Squeeze Likely Over
My guess is the squeeze is over. Hedge funds have covered their shorts. And we have a three surge stage that frequently marks tops in short squeezes.
The remaining shorts are small players who rode it out, hedge funds who recently got short timing the play much better, or the market makers who are now the ones net short in size.
If my thesis is correct, GameStop will go back where it came from. The market makers will pull bids as they did today.
Put speculation is now on the rise. Until now it was call speculation. The call sellers hedged by buying shares driving up the price.
That dynamic has changed. PUT sellers short stock as PUTs get into the money.
Options bets fuel both rises and declines, especially in illiquid stocks.
How to Play?
I am not touching this. For starters I could be wrong about the squeeze being over. I doubt it but I could be.
One could try options, but the premiums are nuts.
GameStop Option Prices
Those are near-term, near the money Option Prices From the CBOE.
Each option represents 100 shares but prices are per share. Thus prices are 1/100th of the money to buy or sell an option.
For a strike 215 PUT option that expires on February 12, in 9 trading days you will pony up $7,485 dollars or $78.85 per share.
To make any money, shares will have to decline enough for you to recover your price paid, and it has to happen by February 12.
The break even price is $215.00-$78.85 = $136.15 and it's at $225 now.
You may win if you are correct about getting a big enough plunge in the next 9 days.
But the market maker who sells you the PUTs will make money no matter what happens.
He will hedge by shorting if the price declines and just watch you lose all your money if the price rises.
Don't count out price manipulation in which the price on February 12 falls at the exact price that makes the most options (PUTs and CALLs) expire worthless. That is known as "Maximum Pain".
There are technical hedging reasons why Maximum Pain happens but manipulation also happens if the market makers can get away with it.
GME Home Runs
Nonetheless home runs can and do happen. But in this case the home runs are likely in the past.
People rode this up from $17 to $413 and you want to get in now on the long side?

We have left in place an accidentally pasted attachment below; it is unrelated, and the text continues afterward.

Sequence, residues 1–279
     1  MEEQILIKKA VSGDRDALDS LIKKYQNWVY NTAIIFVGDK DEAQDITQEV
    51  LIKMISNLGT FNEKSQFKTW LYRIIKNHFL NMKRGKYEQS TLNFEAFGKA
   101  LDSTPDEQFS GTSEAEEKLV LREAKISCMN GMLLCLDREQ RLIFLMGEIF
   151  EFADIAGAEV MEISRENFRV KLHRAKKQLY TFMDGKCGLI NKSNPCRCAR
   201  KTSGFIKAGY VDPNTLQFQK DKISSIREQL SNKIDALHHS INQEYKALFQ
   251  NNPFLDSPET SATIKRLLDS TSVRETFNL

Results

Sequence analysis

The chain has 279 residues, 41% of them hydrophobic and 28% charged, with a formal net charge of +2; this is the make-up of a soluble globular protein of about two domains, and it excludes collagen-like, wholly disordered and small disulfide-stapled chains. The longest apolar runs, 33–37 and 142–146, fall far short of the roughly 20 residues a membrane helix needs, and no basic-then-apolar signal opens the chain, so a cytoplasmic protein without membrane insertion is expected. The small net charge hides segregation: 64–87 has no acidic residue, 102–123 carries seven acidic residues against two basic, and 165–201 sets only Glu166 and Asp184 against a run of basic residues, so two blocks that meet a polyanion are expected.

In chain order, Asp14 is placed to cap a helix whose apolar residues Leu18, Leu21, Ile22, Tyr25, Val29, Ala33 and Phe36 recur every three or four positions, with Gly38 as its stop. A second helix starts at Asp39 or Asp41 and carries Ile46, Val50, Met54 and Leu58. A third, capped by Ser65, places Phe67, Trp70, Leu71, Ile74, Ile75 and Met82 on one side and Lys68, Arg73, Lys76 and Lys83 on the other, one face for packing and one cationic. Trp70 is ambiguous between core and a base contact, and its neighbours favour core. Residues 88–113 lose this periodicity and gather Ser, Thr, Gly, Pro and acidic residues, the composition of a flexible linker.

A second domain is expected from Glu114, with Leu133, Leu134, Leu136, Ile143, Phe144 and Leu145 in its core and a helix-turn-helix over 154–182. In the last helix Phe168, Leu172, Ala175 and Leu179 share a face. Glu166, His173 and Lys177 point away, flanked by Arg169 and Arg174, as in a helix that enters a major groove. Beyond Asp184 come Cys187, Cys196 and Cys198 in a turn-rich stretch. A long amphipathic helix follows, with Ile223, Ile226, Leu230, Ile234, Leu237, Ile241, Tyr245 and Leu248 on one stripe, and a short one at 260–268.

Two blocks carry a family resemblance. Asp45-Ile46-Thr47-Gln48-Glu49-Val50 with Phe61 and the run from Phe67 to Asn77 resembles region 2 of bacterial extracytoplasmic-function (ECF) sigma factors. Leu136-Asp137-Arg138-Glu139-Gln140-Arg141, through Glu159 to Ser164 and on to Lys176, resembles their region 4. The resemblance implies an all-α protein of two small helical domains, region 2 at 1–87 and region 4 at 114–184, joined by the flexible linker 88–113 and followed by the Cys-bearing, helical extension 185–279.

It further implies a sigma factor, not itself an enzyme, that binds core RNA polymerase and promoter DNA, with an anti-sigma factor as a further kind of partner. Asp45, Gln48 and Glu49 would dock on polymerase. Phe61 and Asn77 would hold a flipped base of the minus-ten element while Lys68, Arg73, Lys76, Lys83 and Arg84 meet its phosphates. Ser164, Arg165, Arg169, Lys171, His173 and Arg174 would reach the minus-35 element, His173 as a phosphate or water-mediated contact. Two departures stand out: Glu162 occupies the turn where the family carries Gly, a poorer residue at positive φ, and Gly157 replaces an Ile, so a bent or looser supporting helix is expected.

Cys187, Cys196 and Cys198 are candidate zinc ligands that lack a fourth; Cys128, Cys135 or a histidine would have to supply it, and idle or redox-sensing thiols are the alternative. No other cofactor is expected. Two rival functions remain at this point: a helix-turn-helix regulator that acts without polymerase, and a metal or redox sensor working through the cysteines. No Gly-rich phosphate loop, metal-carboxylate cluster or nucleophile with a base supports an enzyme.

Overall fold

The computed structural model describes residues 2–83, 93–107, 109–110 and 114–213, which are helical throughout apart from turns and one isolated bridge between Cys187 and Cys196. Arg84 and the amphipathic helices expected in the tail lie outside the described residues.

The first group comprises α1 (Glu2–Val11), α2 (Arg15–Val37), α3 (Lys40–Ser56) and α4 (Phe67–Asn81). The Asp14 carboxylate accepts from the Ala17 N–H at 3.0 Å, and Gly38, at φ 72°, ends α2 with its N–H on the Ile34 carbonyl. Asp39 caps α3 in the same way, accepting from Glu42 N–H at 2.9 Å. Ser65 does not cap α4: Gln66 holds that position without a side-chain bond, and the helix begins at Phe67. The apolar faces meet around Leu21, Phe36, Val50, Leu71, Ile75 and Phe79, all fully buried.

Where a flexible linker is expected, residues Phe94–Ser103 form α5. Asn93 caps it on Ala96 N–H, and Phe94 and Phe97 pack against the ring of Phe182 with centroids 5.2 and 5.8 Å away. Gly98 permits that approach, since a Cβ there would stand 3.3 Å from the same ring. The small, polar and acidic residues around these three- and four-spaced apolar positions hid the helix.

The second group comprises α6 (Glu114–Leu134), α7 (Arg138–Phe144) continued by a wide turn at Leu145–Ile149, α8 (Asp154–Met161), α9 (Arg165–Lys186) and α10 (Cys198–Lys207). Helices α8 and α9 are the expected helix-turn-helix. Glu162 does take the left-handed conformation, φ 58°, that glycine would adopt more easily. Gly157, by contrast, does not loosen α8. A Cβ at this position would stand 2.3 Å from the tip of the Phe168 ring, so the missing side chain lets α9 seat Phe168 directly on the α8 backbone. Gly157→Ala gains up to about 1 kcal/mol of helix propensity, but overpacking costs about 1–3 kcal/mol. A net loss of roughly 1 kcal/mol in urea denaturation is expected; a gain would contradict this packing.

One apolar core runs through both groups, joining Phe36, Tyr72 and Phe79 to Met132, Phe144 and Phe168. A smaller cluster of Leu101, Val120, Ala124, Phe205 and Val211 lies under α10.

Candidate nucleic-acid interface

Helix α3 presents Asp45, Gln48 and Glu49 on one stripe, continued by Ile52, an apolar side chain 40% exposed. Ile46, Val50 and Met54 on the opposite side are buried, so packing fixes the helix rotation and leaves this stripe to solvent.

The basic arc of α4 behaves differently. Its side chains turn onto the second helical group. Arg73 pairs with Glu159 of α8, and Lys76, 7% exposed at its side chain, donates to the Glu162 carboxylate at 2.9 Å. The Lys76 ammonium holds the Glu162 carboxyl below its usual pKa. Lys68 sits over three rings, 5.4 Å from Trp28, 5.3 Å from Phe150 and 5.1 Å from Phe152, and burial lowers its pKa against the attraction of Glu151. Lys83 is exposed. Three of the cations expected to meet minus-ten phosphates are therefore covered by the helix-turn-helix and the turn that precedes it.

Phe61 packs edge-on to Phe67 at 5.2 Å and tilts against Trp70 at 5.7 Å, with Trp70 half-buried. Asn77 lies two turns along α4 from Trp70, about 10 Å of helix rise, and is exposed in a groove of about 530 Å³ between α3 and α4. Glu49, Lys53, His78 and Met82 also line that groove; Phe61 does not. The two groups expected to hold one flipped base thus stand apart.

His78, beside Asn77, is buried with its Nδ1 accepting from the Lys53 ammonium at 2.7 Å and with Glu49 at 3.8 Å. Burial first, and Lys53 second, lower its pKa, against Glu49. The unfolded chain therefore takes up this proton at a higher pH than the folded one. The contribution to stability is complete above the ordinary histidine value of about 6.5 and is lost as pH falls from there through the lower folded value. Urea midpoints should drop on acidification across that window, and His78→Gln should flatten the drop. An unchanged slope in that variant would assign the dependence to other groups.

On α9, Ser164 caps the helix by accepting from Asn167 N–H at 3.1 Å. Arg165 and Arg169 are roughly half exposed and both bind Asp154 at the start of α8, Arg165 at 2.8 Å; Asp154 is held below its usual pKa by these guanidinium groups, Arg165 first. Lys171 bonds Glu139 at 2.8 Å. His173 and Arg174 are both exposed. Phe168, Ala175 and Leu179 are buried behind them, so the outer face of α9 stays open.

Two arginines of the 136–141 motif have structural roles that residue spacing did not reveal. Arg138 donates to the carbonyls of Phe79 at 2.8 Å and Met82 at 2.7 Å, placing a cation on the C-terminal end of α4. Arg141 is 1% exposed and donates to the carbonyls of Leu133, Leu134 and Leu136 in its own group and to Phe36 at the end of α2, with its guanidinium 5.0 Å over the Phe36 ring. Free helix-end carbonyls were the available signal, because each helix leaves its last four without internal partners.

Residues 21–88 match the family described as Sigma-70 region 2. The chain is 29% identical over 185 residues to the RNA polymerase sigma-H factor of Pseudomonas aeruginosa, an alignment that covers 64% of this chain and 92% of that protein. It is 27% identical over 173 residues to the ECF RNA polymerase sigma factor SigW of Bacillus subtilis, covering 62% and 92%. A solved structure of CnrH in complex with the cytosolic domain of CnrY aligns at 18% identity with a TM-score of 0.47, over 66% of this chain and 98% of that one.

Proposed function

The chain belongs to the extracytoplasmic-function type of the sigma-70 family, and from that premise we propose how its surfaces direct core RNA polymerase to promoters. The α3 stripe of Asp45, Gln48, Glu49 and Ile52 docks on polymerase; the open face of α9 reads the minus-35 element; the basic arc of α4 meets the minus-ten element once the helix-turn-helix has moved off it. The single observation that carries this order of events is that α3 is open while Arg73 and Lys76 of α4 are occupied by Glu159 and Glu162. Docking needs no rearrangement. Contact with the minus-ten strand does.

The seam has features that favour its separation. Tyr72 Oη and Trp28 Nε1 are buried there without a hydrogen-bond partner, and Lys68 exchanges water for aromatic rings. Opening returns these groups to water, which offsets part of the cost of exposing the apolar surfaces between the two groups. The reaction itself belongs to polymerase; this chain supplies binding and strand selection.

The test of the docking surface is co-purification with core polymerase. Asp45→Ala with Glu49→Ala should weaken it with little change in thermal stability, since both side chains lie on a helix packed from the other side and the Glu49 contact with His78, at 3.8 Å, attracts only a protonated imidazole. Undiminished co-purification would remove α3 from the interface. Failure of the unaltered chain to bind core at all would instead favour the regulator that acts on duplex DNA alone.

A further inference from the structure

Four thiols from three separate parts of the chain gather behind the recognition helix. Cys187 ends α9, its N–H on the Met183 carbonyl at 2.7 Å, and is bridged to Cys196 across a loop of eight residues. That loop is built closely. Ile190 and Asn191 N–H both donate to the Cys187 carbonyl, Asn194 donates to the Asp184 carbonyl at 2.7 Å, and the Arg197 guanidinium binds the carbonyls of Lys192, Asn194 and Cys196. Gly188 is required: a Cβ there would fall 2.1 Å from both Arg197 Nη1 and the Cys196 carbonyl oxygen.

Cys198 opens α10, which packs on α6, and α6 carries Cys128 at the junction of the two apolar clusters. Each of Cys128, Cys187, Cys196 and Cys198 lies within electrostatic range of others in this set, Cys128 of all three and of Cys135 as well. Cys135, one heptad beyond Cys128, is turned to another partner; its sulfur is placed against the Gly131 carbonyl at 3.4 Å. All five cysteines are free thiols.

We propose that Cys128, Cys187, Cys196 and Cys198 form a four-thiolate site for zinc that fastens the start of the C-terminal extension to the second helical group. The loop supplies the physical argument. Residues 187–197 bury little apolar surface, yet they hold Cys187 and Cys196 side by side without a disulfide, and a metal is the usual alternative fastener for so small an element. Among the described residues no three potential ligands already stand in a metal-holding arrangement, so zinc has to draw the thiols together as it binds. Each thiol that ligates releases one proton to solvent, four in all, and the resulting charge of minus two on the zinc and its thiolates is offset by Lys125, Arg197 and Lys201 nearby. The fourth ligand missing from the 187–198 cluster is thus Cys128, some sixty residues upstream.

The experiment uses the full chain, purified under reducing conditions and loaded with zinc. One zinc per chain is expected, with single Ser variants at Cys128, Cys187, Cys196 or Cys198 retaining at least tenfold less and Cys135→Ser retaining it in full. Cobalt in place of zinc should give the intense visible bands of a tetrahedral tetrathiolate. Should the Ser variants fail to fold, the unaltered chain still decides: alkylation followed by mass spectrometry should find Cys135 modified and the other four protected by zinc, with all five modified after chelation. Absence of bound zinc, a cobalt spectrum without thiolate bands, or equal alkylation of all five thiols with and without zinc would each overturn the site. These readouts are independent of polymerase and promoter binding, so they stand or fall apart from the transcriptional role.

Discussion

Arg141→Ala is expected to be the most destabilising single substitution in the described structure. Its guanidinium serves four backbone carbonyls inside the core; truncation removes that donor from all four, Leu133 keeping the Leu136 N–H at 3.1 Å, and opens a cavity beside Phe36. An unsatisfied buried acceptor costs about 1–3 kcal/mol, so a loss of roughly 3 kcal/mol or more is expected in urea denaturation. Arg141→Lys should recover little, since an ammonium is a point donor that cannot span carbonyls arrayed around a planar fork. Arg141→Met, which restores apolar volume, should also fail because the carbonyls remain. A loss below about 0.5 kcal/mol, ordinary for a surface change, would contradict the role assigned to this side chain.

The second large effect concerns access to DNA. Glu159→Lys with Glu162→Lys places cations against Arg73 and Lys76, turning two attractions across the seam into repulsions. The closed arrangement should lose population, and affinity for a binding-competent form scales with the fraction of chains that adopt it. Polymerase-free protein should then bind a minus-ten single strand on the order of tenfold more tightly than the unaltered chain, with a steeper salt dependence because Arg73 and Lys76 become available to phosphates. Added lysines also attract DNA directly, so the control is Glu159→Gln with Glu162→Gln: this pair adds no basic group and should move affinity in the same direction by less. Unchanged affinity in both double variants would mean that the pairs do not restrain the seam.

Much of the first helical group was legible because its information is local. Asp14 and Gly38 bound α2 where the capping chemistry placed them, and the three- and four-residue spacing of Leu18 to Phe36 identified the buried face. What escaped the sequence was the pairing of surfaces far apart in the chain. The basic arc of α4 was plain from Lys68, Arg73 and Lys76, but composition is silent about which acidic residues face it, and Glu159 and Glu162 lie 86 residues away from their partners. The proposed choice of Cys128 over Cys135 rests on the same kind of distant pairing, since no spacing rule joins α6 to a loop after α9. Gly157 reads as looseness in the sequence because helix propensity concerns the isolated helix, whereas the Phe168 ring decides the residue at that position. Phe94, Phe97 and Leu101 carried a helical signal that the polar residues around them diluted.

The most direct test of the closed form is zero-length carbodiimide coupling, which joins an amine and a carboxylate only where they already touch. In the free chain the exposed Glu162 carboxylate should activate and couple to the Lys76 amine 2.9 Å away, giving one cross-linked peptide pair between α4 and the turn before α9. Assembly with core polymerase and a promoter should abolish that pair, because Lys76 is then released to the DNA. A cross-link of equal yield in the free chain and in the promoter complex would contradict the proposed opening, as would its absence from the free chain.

Yet the short side is not without risk as two hedge funds nearly blew up over this. One lost half their money in a month. It's possible the squeeze is not over.
But if you believe like me that the squeeze is over but don't like huge option premiums, the buying deep in the money PUTs will effectively turn your option play into a short without the risk of getting squeezed out.
For example, a Feb 26 strike $800 PUT would set you back $602 but the cost would be $60,020. To gain on the trade GME would have to close below ($800-$602 = $198) vs the current price of $225.
The first advantage in the trade is you have a maximum defined loss of $60,020 vs an unlimited loss in shorting.
But the advantage of that trade is you only need a decline of $27 not $89 to break even. You would also have until February 26, not February 12 to be correct.
Care to put up $60,020 per option? I don't. Care to bet on a $90 plunge by February 12? I don't but some have.
I suspect option premiums are so high that near term, near the money CALL and PUT buyers both get wiped out.
Please see related discussion.
- How Do GameStop and Silver Trading Differ From Bank Lending?
- Naked Shorting is Illegal: So How the Hell was GameStop 140% Short?
- The Reddit Inspired Attack on Shorts Exposed Wall Street Sleaze and Corruption
- Silver Coin Dealers are Overwhelmed With Orders as Reddit Speculators Takes Aim
Number 1 Rule
Above all, remember my #1 rule: You may win but the casino never loses.
And once again blame the Fed. The casino action in money leads to casino action in stocks.